Attractions industry news

01 Oct 2019

Neuroscience gets into the mind of the museum visitor

Every museum would like to know more about what goes through its visitors minds as they wander the floors looking at exhibits. How emotionally or intellectually engaged are they by an artwork? How much information about each exhibit is it optimal to provide to visitors?

Dr Tedi Asher of the Peabody Essex Museum in Massachusetts is in the process of researching exactly how these factors and others impact upon visitor experience at the Salem-based museum: in fact, she is the first neuroscientist to be based at a museum.

Speaking to Attractions Management, Asher revealed what results had been gathered from the research undertaken since her appointment in 2017, and signposted the next directions that her work will take.

One study conducted has used gaze-tracking glasses and galvanic skin response, which measures sweat produced, to gauge attention, emotion and memory. Groups were given different levels of prompts – from no prompt at all, to judgement prompts (asking if they were moved by a piece of artwork) – as they looked around a three-gallery exhibition.

The data from the research found that those who received a judgement prompt spent longer looking and had a more intense emotional experience than those who received lesser prompts or none at all. Those with prompts also moved more slowly through the exhibition.

"This supported our hypothesis that the judgement prompt would be the most effective kind of prompt in facilitating engagement, because of the brain regions which are active when we have an emotionally moving aesthetic experience," said Asher.

The study did throw out an anomaly, however – one that is as yet unexplained. In an exit survey, those in the no prompt group perceived themselves to have had a more emotional experience than any of the prompted groups – the opposite of what the biometric data suggested.

Further research studies have been planned to harness eye-tracking technology to look at how people use labels, and the intention is also to start implementing neuroscience findings into an actual exhibition. The Peabody Essex Museum plans to share its findings via a new website.

Asher says she hopes that more scientists will enter the museum community to help grow this field, and says that doing so has stretched her professionally.

"I was trained to interpret data very strictly, but in this role I'm finding there is an art to interpreting the data," she said. "It requires some imagination and extrapolation about what a particular finding could mean in the context of an art exhibition, and it's taken a while to develop that mental framework."

Peabody Essex CEO Dan Monroe believes Asher's work will benefit the whole museum community, adding: "Dr Asher's unique perspective and deep insight will enable us to make the process of art exploration and discovery especially rewarding, stimulating and fun."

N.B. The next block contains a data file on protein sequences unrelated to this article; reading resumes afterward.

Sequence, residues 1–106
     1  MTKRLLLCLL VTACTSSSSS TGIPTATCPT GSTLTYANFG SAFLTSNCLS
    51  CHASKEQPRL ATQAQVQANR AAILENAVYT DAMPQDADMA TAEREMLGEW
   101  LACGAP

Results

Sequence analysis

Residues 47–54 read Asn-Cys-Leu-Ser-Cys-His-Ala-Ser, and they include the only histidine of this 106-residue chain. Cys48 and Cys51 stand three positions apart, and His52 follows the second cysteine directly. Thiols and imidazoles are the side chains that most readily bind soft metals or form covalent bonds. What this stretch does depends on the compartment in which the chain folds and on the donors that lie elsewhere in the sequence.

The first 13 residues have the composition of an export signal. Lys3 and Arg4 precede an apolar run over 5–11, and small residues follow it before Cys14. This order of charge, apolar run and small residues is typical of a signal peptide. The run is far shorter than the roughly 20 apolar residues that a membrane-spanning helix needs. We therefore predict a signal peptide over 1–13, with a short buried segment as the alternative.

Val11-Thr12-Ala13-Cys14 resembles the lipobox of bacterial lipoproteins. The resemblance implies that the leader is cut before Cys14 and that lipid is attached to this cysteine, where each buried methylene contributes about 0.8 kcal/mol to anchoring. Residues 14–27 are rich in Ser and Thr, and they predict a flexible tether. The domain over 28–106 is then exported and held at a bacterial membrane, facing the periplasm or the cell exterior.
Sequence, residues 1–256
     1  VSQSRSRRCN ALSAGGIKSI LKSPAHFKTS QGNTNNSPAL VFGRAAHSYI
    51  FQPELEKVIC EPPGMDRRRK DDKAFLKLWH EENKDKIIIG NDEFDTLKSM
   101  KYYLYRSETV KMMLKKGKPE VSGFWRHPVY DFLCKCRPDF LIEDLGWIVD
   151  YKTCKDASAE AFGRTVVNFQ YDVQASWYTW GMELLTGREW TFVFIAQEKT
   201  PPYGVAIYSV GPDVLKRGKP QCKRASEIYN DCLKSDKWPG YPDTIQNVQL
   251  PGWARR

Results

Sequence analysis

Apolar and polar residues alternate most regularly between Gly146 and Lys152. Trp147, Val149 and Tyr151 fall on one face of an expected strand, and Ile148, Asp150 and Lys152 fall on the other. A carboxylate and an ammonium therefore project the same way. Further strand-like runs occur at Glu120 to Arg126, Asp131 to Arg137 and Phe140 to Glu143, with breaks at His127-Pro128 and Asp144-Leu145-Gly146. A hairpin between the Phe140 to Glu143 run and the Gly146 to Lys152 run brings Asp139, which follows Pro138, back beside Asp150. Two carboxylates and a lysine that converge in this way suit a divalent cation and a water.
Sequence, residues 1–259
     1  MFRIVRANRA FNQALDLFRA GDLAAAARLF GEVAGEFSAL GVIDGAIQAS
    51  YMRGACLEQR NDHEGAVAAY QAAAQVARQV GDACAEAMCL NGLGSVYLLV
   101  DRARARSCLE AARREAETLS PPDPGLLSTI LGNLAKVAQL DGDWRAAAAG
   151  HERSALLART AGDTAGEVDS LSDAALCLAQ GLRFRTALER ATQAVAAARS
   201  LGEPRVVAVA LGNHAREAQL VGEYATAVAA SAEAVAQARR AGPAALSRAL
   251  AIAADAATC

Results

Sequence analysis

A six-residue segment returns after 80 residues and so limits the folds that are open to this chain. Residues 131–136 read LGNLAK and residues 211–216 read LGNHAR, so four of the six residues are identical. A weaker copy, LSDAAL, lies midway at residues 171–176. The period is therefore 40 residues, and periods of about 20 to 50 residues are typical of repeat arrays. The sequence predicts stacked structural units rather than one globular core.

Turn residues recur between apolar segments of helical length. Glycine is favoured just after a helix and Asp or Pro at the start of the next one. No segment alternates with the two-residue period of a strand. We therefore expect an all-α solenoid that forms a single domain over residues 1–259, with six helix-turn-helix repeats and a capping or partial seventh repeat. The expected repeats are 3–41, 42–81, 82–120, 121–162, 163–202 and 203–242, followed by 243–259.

For more on neuroscience and museums, see the Q3 2019 edition of Attractions Management, available now.

<< Back

News powered by attractionsmanagement.com

Cultural Renewal Taskforce will re-energise leisure and recreation sector

Baroness Martha Lane-Fox, Sir Nicholas Serota and former BBC and ITV chief Lord Grade are among a new post-COVID-19 taskforce, aimed at getting the country’s leisure and recreation sector up and running again. [more...]

EU launches plan to refloat 'vibrant European tourism ecosystem'

The European Union has begun setting out measures to help member nations revive their tourism sectors, as national governments begin easing COVID-19 lockdown measures. [more...]

MPs write to chancellor demanding more support for tourism and hospitality

Nearly a hundred members of parliament (MP) have written a letter to chancellor Rishi Sunak, asking the government to "do more" to protect the UK tourism and hospitality industry. [more...]

Tourism Society emergency meeting addresses impact of delayed lockdown on tourism industry

The Tourism Society scheduled an emergency meeting on Wednesday 15 April to discuss breaking news relating to lockdown timings. [more...]

Tourism industry must lead and inspire, says Ken Robinson

Coronavirus is devastating for the tourism and leisure sectors globally. For now, the focus is on business ‘discontinuity’, the impact of the pandemic on our employees and their families, whether and how companies will survive and when the viable resumption of activity will be possible. [more...]

Longleat's Lord Bath dies from COVID-19

The attractions industry has lost one of its personalities with the passing of Lord Bath, the owner of Longleat Safari Park in the UK, who died on Saturday 4 April aged 87 after contracting the coronavirus. [more...]

In brief:

London Transport Museum goes digital (and gives special offers on its amazing socks @bernarddonoghue) @ltmuseum [more...]
Mary Rose Museum faces £2.2m funding shortfall as chief calls for increased independent museum support during COVID-19 crisis @MaryRoseMuseum [more...]
British Museum appoints Mary Beard to as trustee following government veto over EU stance [more...]
TEA launches TEA Digital to keep attractions industry connected throughout COVID-19 outbreak @TEA_Connect [more...]
UK's DCMS Committee to hear from charities over impact of COVID-19 outbreak @CommonsDCMS [more...]
Public comes to zoo's aid following call for animal food donations @TropiquariaA [more...]
BALPPA moves annual expo to November [more...]
A team led by Feilden Fowles (@FeildenFowles) has won the National Railway Museum's (@railwaymuseum) competition run with Malcolm Reading Consultants (@malcolmreading) to design its new Central Hall with an elegant timber-frame rotunda. [more...]
Google Arts & Culture offers virtual tours for more than 500 museums following closures @googlearts [more...]
More news from attractionsmanagement.com>>
<< Back